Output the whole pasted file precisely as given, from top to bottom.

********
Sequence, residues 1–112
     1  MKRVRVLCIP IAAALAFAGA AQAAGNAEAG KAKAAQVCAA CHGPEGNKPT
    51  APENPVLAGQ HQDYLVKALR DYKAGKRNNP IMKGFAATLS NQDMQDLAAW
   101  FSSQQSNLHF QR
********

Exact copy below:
Sequence, residues 1–112
     1  MKRVRVLCIP IAAALAFAGA AQAAGNAEAG KAKAAQVCAA CHGPEGNKPT
    51  APENPVLAGQ HQDYLVKALR DYKAGKRNNP IMKGFAATLS NQDMQDLAAW
   101  FSSQQSNLHF QR